There are many items from the museum that are not yet on display. It may seem an unusual place to store important historical items, but thanks to a Cultural Facilities of Vermont grant and the expert advice of conservator Rich Kerschner, they were able to control the conditions of the basement to continue optimal preservation.
This is important, because storage space is a necessity. There needn’t be space to display everything; rotating exhibits keep people coming back. For example, next year, they’re going to have a room that depicts the 80 years of the St. Johnsbury Players, which, she says “will be a great piece of St. Johnsbury history, we’re looking forward to it.”
One of the more difficult parts of getting the History & Heritage Center up and going is simply getting people in the door. Nestled a street back from Main Street, it takes some intention to find the building. And the concept of “build it and they will come,” is going to take time.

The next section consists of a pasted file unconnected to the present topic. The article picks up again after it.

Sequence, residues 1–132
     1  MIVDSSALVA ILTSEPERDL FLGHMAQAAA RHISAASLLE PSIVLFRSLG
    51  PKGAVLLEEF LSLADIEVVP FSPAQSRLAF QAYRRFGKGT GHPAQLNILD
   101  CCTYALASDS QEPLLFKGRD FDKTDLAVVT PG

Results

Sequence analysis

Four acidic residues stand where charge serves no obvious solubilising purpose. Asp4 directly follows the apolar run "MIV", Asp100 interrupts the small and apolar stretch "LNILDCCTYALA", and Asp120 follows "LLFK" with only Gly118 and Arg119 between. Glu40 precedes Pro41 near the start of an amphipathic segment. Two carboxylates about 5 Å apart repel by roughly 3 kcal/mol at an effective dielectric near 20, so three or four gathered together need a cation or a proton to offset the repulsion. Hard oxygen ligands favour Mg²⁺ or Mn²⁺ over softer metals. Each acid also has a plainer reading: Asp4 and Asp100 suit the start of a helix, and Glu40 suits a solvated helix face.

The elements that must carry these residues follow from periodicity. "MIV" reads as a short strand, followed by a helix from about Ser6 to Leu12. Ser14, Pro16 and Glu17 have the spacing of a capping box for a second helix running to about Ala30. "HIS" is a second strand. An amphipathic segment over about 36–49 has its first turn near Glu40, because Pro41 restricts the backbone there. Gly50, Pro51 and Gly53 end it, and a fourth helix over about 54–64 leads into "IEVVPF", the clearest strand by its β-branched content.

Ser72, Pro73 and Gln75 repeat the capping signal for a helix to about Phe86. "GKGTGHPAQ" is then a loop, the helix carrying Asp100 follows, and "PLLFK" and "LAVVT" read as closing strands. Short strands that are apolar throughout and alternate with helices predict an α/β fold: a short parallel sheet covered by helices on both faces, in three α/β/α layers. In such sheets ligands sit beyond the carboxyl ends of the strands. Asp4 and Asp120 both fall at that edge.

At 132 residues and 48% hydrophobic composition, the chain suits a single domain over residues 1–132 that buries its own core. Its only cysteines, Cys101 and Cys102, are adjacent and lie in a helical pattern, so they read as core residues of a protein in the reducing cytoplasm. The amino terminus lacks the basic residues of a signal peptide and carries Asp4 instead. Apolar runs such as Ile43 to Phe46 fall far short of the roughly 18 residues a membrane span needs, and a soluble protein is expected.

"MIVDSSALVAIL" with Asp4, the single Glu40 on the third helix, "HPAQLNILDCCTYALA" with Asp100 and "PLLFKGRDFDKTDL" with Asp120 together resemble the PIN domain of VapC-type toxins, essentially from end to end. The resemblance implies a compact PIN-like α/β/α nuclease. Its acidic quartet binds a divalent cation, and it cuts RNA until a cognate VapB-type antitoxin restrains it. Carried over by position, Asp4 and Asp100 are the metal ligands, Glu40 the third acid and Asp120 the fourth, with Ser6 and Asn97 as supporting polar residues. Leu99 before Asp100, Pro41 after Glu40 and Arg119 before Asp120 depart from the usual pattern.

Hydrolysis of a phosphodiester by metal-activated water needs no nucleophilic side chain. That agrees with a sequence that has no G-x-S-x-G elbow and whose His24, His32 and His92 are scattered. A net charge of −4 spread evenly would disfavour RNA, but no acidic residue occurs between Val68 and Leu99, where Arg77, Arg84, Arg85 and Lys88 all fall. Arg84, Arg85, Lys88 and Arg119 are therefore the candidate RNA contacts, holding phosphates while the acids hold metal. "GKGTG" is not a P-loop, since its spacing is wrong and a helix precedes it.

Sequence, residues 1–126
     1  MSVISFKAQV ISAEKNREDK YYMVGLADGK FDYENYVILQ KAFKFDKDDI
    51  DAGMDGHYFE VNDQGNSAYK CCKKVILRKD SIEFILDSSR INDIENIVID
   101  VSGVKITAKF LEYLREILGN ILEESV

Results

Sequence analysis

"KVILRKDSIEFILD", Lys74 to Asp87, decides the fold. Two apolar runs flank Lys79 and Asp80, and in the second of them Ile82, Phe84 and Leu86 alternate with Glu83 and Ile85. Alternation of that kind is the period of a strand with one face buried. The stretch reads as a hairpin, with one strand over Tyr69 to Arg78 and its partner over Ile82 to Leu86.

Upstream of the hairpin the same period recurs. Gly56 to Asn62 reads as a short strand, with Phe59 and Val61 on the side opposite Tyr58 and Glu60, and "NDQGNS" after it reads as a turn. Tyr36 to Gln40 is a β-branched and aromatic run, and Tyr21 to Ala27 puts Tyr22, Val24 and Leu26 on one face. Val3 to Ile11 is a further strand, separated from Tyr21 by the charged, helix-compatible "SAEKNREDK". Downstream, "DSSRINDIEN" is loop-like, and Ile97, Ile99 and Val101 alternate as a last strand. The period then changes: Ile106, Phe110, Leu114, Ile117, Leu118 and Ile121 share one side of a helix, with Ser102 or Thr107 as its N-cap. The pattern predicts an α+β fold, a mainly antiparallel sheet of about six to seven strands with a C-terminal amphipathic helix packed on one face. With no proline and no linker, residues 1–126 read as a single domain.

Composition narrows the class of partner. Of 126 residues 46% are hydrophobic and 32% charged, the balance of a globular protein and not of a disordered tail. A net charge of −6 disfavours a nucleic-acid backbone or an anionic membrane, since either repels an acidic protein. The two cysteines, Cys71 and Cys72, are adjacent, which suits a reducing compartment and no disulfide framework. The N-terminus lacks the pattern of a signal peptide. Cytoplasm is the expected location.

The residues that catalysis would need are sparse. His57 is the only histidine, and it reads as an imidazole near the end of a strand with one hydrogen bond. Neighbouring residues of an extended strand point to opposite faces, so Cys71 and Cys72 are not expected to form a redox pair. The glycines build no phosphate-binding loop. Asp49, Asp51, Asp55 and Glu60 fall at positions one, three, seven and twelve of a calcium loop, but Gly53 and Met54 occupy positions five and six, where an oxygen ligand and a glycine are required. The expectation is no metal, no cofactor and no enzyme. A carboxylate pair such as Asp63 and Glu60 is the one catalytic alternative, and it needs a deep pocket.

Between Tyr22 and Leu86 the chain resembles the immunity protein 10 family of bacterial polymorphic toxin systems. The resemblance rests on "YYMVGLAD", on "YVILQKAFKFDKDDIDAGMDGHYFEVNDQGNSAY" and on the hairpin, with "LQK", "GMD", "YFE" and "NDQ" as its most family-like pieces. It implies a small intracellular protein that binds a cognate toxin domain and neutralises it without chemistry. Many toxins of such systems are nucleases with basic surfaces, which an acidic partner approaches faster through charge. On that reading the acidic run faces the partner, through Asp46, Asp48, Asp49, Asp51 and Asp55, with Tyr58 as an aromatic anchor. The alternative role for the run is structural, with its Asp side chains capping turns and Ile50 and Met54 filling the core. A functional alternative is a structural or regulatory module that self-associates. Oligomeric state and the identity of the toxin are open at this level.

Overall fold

Pearl mentioned Board Member Denise Scavitto, a teacher at the St. Johnsbury Academy. She handles their website and Facebook page, and she laughed as she explained that they rely on Denise’s tech skills.
Looking towards the future, one thing Pearl would like to see happen is a relationship between H&H and the St. Johnsbury School. She thinks it is important the students understand the history and value of their hometown.
“If you plant the seeds in a young person, they’ll grow.”
Pearl’s idea is not new. When Paine taught her first and second graders, Pearl would come in at least once a year to do a special educational program. At first, the topics may seem a bit unusual. Paine laughs as she lists dirt, laundry, logging, and covered bridges as a few examples.